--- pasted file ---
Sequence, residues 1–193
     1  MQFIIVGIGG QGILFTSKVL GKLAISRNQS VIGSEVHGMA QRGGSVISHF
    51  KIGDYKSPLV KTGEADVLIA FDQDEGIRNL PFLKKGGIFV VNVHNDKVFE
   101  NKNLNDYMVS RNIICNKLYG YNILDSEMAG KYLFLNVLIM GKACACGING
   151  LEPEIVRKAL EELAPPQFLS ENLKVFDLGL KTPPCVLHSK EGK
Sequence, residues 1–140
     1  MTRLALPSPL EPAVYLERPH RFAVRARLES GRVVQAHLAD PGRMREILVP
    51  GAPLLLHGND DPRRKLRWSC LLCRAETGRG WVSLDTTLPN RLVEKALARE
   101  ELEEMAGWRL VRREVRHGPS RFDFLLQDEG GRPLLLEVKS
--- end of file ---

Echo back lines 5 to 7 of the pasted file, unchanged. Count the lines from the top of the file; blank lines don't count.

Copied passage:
   151  LEPEIVRKAL EELAPPQFLS ENLKVFDLGL KTPPCVLHSK EGK
Sequence, residues 1–140
     1  MTRLALPSPL EPAVYLERPH RFAVRARLES GRVVQAHLAD PGRMREILVP